Thursday, 2 July 2020

OUR DIPLOMATS ARE LIVING IN SQUALOR, SAYS S B MOYO


 ZIMBABWEAN embassies are in dire straits with diplomats not being paid for several months, while living in squalid conditions as the government owes close to US$30 million for services rendered and rentals.

This was revealed yesterday by Foreign Affairs minister Sibusiso Moyo when he told the Kindness Paradza-chaired parliamentary portfolio committee on Foreign Affairs that when President Emmerson Mnangagwa came into power in November 2017, “what we found was that our diplomats were in salary arrears of over 15 months, and they had no vehicles”. 

“The cost of our embassies is about US$$4 million per month and as of now, we owe ambassadors US$16 million in salary arrears that are of a legacy nature.

“Government is making sure that the legacy issues are sorted. When we send in money for their salaries, it is being recorded as if they are eight months in arrears, but our thinking is that we will be paying the current. Legacy issues will be addressed gradually,” Moyo said. 

In terms of rentals, Moyo said the government owed US$7 million, while staffers from host nations are owed US$2 million in salary arrears, with school fees and other operational costs accounting for another US$$5 million.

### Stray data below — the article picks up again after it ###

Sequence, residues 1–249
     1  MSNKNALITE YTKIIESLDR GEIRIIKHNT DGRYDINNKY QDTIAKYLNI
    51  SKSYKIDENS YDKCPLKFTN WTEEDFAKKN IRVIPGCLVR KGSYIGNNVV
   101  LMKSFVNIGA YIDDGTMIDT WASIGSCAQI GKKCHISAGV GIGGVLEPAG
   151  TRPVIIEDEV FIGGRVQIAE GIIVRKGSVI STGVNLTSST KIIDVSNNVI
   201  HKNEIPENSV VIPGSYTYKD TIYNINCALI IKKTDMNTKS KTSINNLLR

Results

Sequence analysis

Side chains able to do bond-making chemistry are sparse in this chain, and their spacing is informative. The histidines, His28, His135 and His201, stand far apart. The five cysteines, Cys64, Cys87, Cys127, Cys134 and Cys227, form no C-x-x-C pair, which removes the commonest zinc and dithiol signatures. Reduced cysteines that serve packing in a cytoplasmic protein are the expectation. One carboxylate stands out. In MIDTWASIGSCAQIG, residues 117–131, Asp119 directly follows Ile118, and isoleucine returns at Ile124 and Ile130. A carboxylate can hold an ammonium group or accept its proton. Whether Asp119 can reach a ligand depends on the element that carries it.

Asked by MPs to update on time frames the government was working on to address the challenges, Moyo said it depended on the availability of funds.

“You cannot concretely come up with a time frame as to when we will clear these issues because it depends on the financial support that we get. We are trying to make sure that we ameliorate the legacy issue gradually while at the same time we keep up to date with current salary payments.

“Furniture at our embassies has not been changed for many years. The renovations going on are like starting afresh. In terms of accommodation; the challenge has been that most of our embassies have not been maintained for many years. 

“In South Africa, if it is raining, they will have to cover up because roofs are leaking, while in New York, the accommodation situation is also not good. We are rationalising our foreign missions, but it is a process. We have a closed embassy in Hong Kong. But the challenge is that if you close embassies, you have to think of relations with those countries. And by closing an embassy, your influence in the world will be diminishing,” he added.

This also comes as director in the ministry of Finance Pfungwa Kunaka also told the committee that the situation had gotten to that stage because Treasury had been facing foreign currency challenges.

“We have been facing challenges in terms of generating forex to meet that obligation, but we have gathered some ground now because last week we disbursed US$6 million; we can be behind in terms of operational costs, but in terms of current salaries we have covered ground,” Kunaka said. 

Meanwhile, the committee heard that foreign governments were releasing Zimbabwean returnees without testing them for Covid-19 because “it is not their responsibility to test foreigners who are leaving their countries so they prioritise their populations”. Daily News

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